The Education-Jobs Gap
Underemployment or Economic Democracy
From Research and Reference Book News. . .
'In the new introduction to the award-winning 1999 edition, a Canadian scholar notes that while research on underemployment has increased since then, preoccupation with statistics still emphasizes limited dimensions of the problem of under-utilization of capabilities. Drawing on survey and case study research in advanced economies, Livingstone (U. of Toronto) analyzes various theories (e.g., human capital) as limited in explaining the education-jobs gap. He does support a general conflict theory identifying the highest underemployment with the least powerful social groups.'
Introduction: Mapping the Forest of Underemployment
Introduction to the 1999 Edition: Reversing the Education-Jobs Optic
Chapter 1. The Knowledge Society: Pyramids and Icebergs of Learning
Chapter 2. The Many Faces of Underemployment
Chapter 3. Voices from the Gap: Underemployment and Lifelong Learning
Chapter 4. Debunking the "Knowledge Economy": The Limits of Capital Theory
Chapter 5. Examining the Gap: Social Struggles over Knowledge and Work
Chapter 6. Bridging the Gap: Prospects for Work Reorganization in Advanced Capitalism
Glossary of Acronyms
'A rigorous, beautifully crafted, and stunningly successful shredding of the human capital enterprise. This splendidly executed investigation offers us a timely picture of human capital theory as the social sciences own Titanic.' (Ivar Berg, University of Pennsylvania)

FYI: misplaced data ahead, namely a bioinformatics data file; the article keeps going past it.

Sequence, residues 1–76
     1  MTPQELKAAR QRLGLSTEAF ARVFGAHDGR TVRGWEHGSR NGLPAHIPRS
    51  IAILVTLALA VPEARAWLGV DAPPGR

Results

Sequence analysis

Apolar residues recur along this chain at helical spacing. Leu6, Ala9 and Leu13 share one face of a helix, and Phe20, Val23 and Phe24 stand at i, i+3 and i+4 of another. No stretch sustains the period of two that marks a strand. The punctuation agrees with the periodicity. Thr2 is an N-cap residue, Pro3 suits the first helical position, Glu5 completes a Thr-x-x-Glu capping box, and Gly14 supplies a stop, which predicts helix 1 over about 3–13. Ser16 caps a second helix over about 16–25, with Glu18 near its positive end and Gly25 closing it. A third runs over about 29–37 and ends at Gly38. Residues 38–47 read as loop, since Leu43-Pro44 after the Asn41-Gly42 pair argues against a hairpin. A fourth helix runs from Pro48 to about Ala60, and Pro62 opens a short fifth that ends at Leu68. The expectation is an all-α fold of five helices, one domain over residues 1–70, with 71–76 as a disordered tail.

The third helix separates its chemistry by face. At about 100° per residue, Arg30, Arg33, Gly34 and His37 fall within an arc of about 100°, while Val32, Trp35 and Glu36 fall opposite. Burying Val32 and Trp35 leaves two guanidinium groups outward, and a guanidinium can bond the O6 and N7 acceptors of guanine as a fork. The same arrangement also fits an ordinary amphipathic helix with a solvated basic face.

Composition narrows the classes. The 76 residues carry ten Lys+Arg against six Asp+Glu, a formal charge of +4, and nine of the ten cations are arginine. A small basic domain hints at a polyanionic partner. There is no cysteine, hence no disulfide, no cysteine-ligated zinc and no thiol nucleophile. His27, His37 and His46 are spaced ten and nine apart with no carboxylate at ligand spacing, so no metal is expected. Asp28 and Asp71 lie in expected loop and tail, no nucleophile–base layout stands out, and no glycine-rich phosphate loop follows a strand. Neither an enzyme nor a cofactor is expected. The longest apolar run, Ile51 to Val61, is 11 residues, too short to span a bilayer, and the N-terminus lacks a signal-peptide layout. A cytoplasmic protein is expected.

'One of the most important books of the decade. This book breathes new life into the much overlooked relationship between education and economic reform.' (Henry A. Giroux, Pennsylvania State University)
'Livingstone's book is an incisive critique of economic and educational orthodoxy, and a powerful new analysis of the connections among school, learning, and work. An important new study by one of the best educational sociologists in the world.' (R. W. Connell, University of Sydney)
'In contrast to the dismal future of continuing and growing underemployment promised by the dominant social policy elite, the author offers a refreshing alternative of economic democracy that is economically viable, socially just, and politically worth struggling for.' (Raj Pannu, University of Alberta)
'A superb book notable for its effective synthesis of quantitative, qualitative, historical, and theoretical approaches. Livingstone explores an issue of vital importance: the growing disjunction between education and paid work in advanced industrial economies.' (Beverley H. Burris, University of New Mexico)
D.W. Livingstone is Canada Research Chair in Lifelong Learning and Work at the University of Toronto, Head of the Centre for the Study of Education and Work at OISE/UT, and Director of the SSHRC national research network on 'The Changing Nature of Work and Lifelong Learning.'